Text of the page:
Next, referring to FIGURES 2 A, 2B, 3, 5 A and 6, the cooking air or medium within the impingement oven 40 is heated by a heating system 100. Such heating system may include a burner 102 mounted exterior to and at one end of the hood assembly 42, see FIGURE 2B. The burner includes a blower section that is connected to one end of the upper central run 300 of a tubular heat exchanger 104. The central run 300 extends centrally through the upper portion of the impingement chamber just beneath the top wall 200 of the upper impingement housing section 54. The central run 300 extends the full length of the upper impingement housing section 54, and then connects to the distal end of a lower central run 302 of the tubular heat exchanger 104, thereby to return to the end portion of the upper impingement housing section where the burner 102 is located. The proximal end of the lower run 302 connects to the proximal end of the upper side run 304 of the tubular heat exchanger by an elbow section. The upper side run 304 extends to the distal end of the upper impingement housing section 54. The distal end of the upper side run 304 connects to an opposite upper side run 306, which then extends from the distal end of the upper impingement housing section 54 to terminate at a location adjacent the end of the upper impingement housing section 54, at which the burner 102 is located.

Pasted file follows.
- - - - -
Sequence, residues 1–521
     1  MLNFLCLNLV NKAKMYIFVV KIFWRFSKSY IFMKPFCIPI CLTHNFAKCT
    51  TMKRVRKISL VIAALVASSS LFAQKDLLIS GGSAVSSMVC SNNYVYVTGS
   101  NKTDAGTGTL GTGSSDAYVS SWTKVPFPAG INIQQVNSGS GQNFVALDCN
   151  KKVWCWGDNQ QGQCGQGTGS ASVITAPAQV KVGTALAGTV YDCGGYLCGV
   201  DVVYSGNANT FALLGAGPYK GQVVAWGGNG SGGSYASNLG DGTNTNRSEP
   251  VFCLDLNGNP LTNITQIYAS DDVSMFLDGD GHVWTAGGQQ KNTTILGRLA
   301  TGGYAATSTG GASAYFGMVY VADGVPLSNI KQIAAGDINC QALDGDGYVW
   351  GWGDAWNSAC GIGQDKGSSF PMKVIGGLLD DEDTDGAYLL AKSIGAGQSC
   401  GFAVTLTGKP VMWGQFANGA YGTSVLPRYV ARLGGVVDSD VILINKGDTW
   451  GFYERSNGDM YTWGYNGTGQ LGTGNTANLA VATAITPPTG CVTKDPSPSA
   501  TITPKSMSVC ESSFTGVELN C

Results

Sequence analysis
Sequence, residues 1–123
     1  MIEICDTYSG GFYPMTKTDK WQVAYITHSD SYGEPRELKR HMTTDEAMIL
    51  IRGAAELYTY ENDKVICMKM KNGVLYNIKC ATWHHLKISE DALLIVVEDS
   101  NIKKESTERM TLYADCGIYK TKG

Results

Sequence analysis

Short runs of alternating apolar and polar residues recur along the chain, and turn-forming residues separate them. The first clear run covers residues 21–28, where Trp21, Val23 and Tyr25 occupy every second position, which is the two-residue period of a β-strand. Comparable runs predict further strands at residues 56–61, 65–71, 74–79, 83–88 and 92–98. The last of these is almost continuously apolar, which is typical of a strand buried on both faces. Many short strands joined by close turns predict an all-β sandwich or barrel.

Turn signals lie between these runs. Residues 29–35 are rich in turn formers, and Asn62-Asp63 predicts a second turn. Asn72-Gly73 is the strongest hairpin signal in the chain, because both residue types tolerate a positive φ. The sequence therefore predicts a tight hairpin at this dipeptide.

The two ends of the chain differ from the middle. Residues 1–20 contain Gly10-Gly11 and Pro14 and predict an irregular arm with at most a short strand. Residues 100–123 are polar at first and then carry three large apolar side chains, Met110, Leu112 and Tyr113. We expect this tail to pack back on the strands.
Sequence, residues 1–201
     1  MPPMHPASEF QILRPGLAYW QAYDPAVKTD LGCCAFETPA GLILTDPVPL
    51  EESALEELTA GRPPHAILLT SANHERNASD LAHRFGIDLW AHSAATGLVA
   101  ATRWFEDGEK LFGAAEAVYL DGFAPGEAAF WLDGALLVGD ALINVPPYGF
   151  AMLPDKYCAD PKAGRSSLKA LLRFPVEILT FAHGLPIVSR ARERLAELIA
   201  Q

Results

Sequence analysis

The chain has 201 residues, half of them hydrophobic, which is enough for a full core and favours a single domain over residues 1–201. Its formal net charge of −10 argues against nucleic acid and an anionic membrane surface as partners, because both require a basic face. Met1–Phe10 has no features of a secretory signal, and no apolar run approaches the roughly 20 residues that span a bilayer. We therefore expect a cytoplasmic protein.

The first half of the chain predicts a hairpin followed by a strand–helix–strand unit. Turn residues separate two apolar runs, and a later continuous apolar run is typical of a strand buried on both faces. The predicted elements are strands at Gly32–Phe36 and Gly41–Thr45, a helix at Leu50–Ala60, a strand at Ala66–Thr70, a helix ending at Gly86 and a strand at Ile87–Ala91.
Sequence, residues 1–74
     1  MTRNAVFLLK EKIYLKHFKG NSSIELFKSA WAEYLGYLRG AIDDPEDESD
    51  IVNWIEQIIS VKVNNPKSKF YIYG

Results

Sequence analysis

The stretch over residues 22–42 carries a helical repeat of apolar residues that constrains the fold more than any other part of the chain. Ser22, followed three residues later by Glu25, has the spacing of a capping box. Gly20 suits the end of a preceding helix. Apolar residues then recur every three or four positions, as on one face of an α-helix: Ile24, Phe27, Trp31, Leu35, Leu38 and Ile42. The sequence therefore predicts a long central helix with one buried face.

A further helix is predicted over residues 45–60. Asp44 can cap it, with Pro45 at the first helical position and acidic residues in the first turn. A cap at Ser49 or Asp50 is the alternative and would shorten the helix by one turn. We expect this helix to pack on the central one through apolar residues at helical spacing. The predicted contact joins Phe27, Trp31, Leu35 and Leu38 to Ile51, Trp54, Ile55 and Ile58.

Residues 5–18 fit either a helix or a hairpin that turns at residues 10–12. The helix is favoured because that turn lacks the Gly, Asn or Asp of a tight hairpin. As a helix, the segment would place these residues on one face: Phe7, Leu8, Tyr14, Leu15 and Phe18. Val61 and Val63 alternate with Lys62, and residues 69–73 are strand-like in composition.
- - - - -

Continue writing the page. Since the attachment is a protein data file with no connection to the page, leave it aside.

The tubular heat exchanger 104 can be of various compositions, for example, metallic pipe from three to six inches in diameter. As one non-limiting example, the metallic pipe can be four inches in diameter. Also, although not shown, fins, or other surfaces can project from the exterior of the pipe forming heat exchanger 104 to enhance heat transfer from the pipe to the ambient.

It will be appreciated that other types of heating systems can be used in place of burner 102. As non-limiting examples, an electrical heating system may be employed or a direct gas heating system may be utilized. Moreover, the heating system can be located elsewhere than within the impingement housing 62. For example, heaters or the heating system can be located in the supply chambers 80a and 80b. Alternatively, the heating system can be located exterior of the impingement oven 40. As a further alternative, the heating system can be positioned at the bottom of the impingement housing 62 rather than at the top as described above.